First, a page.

But, because it is an NFT, the asset can theoretically be verified as an authentic item much quicker and easier. Build up your reputation, and you might eventually be able to get first-hand sales into the triple Ethereum digits and beyond.

Another important facet of NFT art that supports this fundamental option is NFT royalties. They work somewhat differently from traditional copyright royalties. But the end objective is the same: it supports the original creator even if the finished work itself is resold for higher values.

Sell some NFT cryptos for pennies at the start of your career, and still reap the rewards of the same assets years after when they eventually become prized collections.

3. Assets from verified or official sources can stay forever

Topps baseball card NFT wallpaper
Credit by Topps

Complementing our pro no. 1, if a crypto asset was created and materialized as your possession, it becomes more or less permanent for as long as your supported blockchain network remains alive.

This is quite revolutionary since, traditionally, collectibles require very extensive preservation techniques and hardware in order to keep them in pristine condition for many decades.

With a virtually tokenized version of these items, users no longer have to worry about wear and tear through time. You no longer need to frame a fragile painting to preserve its quality. You don’t even need specialized weather-proof cases for your prized collectibles.

The bits and pieces of data that represent it within the blockchain’s decentralized network, plus the hosted media, will retain their value so long as it is not resold and as long as the owner is still alive.

Do take note, though, that there are a few exceptions that could result in the willful removal of = entire NFTs, such as:

  • Suppression of access due to violation of marketplace rules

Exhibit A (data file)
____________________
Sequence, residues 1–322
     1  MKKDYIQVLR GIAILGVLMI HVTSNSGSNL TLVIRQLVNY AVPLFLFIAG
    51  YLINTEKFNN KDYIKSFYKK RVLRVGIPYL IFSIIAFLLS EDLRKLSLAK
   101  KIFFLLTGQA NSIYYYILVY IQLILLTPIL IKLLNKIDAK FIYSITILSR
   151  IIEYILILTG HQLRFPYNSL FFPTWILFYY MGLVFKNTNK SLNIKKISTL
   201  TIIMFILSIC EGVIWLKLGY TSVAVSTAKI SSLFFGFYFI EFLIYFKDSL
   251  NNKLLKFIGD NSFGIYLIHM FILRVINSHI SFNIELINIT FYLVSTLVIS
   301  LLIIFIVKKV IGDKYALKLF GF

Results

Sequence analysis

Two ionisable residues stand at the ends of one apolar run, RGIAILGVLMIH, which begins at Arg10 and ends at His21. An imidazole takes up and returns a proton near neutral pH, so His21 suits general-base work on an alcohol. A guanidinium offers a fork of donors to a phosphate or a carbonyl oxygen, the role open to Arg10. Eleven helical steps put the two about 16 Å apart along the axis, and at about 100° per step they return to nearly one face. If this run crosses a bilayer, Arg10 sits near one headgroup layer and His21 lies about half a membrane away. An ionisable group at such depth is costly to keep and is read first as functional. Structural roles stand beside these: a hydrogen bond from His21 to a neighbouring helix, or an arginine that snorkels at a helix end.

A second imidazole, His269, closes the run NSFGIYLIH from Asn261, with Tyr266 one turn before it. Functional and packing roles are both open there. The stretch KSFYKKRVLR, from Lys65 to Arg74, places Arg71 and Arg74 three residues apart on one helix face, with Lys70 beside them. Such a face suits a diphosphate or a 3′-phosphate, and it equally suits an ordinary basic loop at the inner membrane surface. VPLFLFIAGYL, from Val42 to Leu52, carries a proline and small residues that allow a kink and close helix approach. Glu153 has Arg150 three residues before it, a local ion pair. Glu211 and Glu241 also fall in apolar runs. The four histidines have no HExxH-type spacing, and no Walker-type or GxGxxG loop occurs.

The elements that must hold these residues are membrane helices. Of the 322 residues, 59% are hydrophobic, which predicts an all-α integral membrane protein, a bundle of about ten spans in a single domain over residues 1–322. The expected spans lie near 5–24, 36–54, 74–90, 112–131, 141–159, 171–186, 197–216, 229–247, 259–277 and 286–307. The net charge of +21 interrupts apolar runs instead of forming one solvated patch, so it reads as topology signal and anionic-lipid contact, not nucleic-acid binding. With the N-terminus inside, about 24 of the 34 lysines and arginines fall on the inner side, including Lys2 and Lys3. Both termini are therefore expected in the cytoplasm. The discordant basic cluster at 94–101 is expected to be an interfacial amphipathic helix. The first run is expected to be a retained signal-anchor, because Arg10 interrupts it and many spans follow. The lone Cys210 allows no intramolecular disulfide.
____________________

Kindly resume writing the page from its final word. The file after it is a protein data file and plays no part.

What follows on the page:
• Using a shaky, potentially incompatible cryptocurrency standard

In fact, if the conditions above can be avoided, NFT cryptos may continue to exist, even if the user does one day pass away. If one can somehow get hold of the late user’s crypto wallet through legitimate means, then the archived NFT cryptos could also be re-accessed (and preferably transferred to the recipient’s crypto wallet).

Cons of NFT Cryptos

1. NFTs are massively, outrageously overhyped

Sensational news surrounding NFTs always focuses on the biggest successes and the hardest failures, giving it the impression of some next-generation investment standard. Headlines, such as “JPEG sold for $69 million”, or “12-year-old kid earns six-figures by selling NFTs”, certainly make for the spiciest news stories in the business tech space.

And like any other thing in the world that is overvalued, the reality of their existence, and the implication of NFT cryptos’ technical implementation, becomes grossly overlooked. For example, a relatively recent report from Reuters summarizes the notion that many individuals are scrambling to purchase NFTs like crazy in the hopes of selling them big.